The renminbi has overtaken the euro to be the second most-used currency in trade finance, accounting for 8.66 percent of activity in October, according to a statement Tuesday from financial cooperative SWIFT. The Chinese currency ranked fourth in January 2012 with a 1.89 percent share.
The top five economies that used renminbi for trade finance in October this year were China, Hong Kong, Singapore, Germany and Australia. Singapore took up 12 percent of the total renminbi value sent and received in the world while Germany and Australia accounted for 2 percent each.
As a payment currency, the RMB remains stable in 12th spot globally, trailing the euro, Japanese yen, and the Australian, Canadian, Hong Kong and Singapore dollars, among others. The Chinese unit was in 20th place in payments in January last year, according to Belgium-based SWIFT, which provides transaction messaging platforms for banks, brokerages and corporates.
The improvement in the Chinese currency’s ranking in world trade finance was helped by an increase in renminbi financing channels after clearing banks were set up in Singapore and Taiwan, observers say.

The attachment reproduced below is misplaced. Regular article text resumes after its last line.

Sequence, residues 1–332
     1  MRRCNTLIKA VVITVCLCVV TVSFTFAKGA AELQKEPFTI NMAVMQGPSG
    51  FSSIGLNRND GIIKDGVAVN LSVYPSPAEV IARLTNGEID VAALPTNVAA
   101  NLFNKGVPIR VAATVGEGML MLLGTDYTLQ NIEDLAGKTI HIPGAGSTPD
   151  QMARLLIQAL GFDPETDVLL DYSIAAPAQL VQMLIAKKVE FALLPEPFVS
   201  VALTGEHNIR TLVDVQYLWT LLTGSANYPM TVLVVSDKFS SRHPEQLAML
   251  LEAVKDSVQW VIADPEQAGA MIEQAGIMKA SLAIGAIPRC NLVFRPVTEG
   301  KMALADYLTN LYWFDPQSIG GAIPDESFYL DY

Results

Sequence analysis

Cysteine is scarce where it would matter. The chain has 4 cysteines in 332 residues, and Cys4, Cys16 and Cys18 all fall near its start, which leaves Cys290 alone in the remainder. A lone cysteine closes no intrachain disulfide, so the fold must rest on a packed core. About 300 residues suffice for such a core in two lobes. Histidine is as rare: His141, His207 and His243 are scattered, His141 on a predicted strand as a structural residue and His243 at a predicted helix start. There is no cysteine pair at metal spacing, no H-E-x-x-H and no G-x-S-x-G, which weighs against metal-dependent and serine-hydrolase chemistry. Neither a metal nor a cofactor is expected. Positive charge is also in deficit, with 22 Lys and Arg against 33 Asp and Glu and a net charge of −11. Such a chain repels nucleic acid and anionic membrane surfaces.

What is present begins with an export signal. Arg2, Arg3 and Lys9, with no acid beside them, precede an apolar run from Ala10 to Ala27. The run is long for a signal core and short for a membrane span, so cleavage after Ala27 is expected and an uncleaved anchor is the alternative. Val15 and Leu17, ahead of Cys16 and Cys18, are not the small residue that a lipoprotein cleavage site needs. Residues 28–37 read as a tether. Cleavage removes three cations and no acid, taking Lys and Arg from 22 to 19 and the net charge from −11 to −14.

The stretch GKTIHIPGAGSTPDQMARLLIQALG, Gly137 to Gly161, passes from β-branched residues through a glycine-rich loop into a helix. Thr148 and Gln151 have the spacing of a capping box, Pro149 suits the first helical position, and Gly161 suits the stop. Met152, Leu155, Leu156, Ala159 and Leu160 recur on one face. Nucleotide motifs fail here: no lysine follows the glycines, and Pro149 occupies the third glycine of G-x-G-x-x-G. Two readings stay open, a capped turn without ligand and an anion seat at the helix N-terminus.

Foreign merchants are willing to borrow renminbi to pay for Chinese goods as they believe the Chinese currency will not appreciate a lot in the coming few years due to the Fed’s potential tapering of its quantitative measures.
However, it will take some more years for the renminbi to become the second largest payment currency as not many foreign companies are willing to keep the Chinese unit in their bank accounts due to lack of related investment tools in the global markets, observers say.
China seeks WTO dispute settlement with US
China has filed a complaint over anti-dumping measures by the United States against 13 types of Chinese products, Xinhua news agency reported Tuesday, citing the Ministry of Commerce. Beijing called for talks with the US under the dispute settlement procedure of the World Trade Organization. It accused Washington of inappropriately applying the anti-dumping measures, denying companies separate tax rates and using unfavorable facts. These have seriously damaged the legitimate interests of Chinese companies and domestic industries, ministry spokesman Shen Danyang said.
CSRC to allow foreigners into domestic futures firms
The China Securities Regulatory Commission (CSRC) will allow foreign capital to be invested in domestic futures companies, and will encourage local players to develop futures brokerage operations overseas, Xinhua reported, citing CSRC vice chairman Jiang Yang . Reform of the domestic futures market has led to the successful launch of trial schemes for gold and silver futures night trading. The CSRC will continue to supervise the development of the futures and derivatives industry, Jiang was quoted as saying.
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